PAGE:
Crops, including nursery and greenhouse 5,886,000 439,000 12,325,000
Fruits, tree nuts, and berries 564,000 29,000 593,000
Nursery, greenhouse, floriculture, and sod 2,922,000 774,000 3,696,000
Other crops and hay 1,864,000 5,233,000 7,097,000
Corn 224,000 224,000
Sorghum 112,000 112,000
Other grains, oilseeds, dry beans, and dry peas 1,000 2,000 3,000
Vegetables, melons, potatoes, and sweet potatoes 65,000 65,000
All other crops and undisclosed crops 535,000 535,000
Livestock, poultry, and their products 11,997,000 29,883,000 41,880,000
Cattle and calves 1,227,000 7,758,000 8,985,000
Milk and other dairy products from cows 9,891,000 21,633,000 31,524,000
Poultry and eggs 88,000 47,000 135,000
Hogs and pigs 13,000 10,000 23,000
Sheep, goats, and their products 22,000 57,000 79,000
Horses, ponies, mules, burros, and donkeys 561,000 371,000 932,000
Aquaculture 152,000 152,000
Other animals, other animal products, and undisclosed 43,000 7,000 50,000
Value of products sold directly to individuals for human consumption 1,393,000 273,000 1,666,000
Source of data: USDA, Census of Agriculture, National Agricultural Statistics Service. http://www.agcensus.usda.gov/Publications/2007/Full_Report/index.asp

Economic Contribution of Agriculture In Bernalillo And Valencia Counties

Many communities, counties, regions, and states have tried to assess the economic contribution of their
agricultural sectors. The regional economic impacts of agriculture are of interest to communities where the size of the farm sector is shrinking (often relative to other economic sectors) and where land is being converted from agricultural to other uses, as well as to communities seeking to encourage agriculturally based rural development or maintain their agricultural character and heritage. Differences between various agricultural sub-sectors (e.g., different commodities and value-adding activities) are of interest to policymakers, planners, community activists, and citizens. Economic development objectives are assisted by information about the economic impact of existing sectors, as well as potential changes in economic activity if these sectors increase or decrease in size. Some regional economic impact studies focus on the production of primary products (e.g., at the farm level), while others include processing of raw agricultural products, and still others include all economic sectors from agricultural inputs, on-farm, processing, food wholesaling, retailing, and even restaurants.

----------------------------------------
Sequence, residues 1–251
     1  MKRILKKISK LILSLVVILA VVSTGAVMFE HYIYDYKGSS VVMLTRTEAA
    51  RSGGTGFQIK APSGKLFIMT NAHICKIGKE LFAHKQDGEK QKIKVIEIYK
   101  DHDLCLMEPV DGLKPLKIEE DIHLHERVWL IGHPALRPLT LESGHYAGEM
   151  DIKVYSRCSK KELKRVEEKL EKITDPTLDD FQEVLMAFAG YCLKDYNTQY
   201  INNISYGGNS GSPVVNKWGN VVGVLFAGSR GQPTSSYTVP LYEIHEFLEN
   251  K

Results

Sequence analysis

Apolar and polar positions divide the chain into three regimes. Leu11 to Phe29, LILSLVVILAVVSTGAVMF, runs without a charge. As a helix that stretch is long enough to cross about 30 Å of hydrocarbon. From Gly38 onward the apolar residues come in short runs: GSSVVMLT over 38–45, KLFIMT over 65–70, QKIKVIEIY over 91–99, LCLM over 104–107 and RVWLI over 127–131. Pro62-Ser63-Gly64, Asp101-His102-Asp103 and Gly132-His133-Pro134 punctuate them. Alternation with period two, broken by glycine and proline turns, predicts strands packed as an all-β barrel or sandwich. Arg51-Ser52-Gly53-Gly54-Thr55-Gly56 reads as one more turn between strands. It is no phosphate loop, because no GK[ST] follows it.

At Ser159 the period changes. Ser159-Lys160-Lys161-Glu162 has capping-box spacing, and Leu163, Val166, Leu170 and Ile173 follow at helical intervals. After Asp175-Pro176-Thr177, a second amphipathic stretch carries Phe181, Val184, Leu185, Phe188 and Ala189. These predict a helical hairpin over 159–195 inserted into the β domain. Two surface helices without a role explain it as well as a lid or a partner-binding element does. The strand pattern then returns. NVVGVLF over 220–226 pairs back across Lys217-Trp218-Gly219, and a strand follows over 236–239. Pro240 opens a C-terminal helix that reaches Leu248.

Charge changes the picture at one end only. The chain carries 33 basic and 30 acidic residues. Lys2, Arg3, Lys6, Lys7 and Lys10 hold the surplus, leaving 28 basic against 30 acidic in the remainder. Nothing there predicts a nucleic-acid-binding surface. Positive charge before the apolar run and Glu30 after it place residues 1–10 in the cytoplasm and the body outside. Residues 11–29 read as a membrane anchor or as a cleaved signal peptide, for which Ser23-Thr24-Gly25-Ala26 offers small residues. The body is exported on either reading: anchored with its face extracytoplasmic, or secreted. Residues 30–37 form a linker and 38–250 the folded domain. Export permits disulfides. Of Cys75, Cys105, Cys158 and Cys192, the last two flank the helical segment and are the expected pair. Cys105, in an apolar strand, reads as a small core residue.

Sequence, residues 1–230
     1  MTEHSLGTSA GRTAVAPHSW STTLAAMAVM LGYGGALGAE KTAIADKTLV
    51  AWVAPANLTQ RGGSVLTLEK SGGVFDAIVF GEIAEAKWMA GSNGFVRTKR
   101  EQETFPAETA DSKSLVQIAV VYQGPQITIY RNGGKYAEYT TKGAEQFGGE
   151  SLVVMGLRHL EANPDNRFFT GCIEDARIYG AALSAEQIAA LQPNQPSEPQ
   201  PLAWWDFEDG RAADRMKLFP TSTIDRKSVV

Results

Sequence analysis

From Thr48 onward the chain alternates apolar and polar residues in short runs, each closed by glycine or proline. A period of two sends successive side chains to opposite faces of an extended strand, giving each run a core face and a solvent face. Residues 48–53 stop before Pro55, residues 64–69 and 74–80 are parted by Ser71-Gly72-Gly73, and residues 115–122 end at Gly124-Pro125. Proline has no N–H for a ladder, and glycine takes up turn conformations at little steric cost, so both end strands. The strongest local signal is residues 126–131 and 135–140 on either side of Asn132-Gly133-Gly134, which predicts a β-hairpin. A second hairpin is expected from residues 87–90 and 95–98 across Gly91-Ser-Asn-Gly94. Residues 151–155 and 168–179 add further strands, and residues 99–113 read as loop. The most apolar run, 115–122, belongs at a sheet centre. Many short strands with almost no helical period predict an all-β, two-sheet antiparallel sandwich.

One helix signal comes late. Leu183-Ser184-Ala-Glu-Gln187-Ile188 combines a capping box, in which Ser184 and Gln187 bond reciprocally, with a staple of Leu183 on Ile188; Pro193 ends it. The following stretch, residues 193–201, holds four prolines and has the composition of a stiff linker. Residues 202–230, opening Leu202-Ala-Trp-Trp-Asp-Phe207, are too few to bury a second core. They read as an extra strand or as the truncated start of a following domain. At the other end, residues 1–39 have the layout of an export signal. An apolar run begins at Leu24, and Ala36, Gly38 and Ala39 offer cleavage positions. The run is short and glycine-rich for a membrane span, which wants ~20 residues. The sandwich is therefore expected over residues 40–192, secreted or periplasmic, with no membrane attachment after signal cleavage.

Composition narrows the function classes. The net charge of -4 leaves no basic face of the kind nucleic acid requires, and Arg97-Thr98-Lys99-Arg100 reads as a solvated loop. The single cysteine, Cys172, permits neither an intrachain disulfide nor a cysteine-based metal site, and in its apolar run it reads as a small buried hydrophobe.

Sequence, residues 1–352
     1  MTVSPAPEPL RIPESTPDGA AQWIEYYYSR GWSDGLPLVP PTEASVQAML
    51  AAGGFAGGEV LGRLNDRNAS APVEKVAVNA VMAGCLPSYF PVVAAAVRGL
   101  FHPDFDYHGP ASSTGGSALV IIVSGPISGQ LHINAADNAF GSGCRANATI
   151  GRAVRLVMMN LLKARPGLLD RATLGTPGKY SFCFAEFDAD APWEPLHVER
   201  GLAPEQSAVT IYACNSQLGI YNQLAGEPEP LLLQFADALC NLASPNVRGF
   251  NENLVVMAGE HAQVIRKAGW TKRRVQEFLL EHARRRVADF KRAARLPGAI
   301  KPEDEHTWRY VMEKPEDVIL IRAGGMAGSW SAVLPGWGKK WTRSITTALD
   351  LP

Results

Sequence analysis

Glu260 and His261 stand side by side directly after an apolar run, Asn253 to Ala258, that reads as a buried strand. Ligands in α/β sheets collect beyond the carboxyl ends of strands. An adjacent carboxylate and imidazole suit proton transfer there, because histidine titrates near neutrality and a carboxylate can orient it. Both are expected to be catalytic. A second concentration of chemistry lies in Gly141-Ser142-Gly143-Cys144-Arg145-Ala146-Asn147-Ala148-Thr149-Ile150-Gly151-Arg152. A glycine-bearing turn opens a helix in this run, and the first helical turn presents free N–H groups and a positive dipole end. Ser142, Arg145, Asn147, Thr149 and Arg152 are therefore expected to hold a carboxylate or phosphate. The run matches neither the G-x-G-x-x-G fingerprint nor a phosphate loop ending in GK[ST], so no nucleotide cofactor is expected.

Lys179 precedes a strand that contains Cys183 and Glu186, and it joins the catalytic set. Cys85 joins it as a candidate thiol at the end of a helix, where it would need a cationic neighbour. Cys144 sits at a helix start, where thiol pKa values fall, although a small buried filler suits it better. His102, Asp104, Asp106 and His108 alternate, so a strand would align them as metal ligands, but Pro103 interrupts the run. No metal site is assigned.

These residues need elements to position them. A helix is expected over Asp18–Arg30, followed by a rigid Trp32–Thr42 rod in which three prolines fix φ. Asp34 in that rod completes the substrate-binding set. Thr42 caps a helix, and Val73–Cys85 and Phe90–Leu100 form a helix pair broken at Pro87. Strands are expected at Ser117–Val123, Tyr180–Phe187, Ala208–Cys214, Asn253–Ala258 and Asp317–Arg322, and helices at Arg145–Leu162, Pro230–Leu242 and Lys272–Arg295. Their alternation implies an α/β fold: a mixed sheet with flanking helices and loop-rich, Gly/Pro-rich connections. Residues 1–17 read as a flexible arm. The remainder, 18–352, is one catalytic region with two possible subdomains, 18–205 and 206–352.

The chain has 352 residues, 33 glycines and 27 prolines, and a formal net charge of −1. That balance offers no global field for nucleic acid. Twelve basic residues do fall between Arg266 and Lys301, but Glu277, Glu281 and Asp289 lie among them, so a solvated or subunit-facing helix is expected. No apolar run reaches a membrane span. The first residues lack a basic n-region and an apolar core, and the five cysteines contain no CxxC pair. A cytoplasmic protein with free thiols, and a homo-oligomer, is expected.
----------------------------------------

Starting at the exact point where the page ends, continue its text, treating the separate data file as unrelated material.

As noted previously, the use of input–output models, and IMPLAN in particular, is commonly used to assess the economic contribution of agriculture and related industries. IMPLAN is an off-the-shelf model that is capable of being applied to any industry or economic sector since the database contains county-level economic data reported by the federal government in standardized formats for all U.S. counties. Sources of IMPLAN agricultural data include the USDA’s National Agricultural Statistics Service (NASS) and the U.S. Census of Agriculture. Agricultural activity not disclosed by NASS or the Census of Agriculture because of privacy concerns is aggregated into broader categories and reduces the ability of IMPLAN to accurately assess economic relationships for specific agricultural sub-sectors. Furthermore, data for farms not meeting the federal definition of a “farm” are not reported by NASS or the Census of Agriculture and thus not included in IMPLAN-generated estimates of total agricultural economic activity. Informal economic transactions, legal or illegal, are also not included in IMPLAN estimates of economic activity.

In a region such as Bernalillo and Valencia Counties, IMPLAN captures economic relationships and activity from the larger, commercial agricultural production profiled in Table 3 (e.g., dairy, nursery and greenhouse, hay, etc.). Because of their small size, non-commercial operator motivations, and reliance on non-farm income sources, IMPLAN does not capture economic relationships and activity from the >80% of farms that are classified as limited-resource, retirement, or residential-lifestyle farms. The dual–structure nature2 of southern MRG agriculture means that while IMPLAN analysis is valuable, it is an incomplete picture of a region’s agricultural sector. The remainder of this report focuses on IMPLAN model results for Bernalillo and Valencia Counties, with complete awareness of the shortcomings of the model results for these two counties.

Previous IMPLAN Studies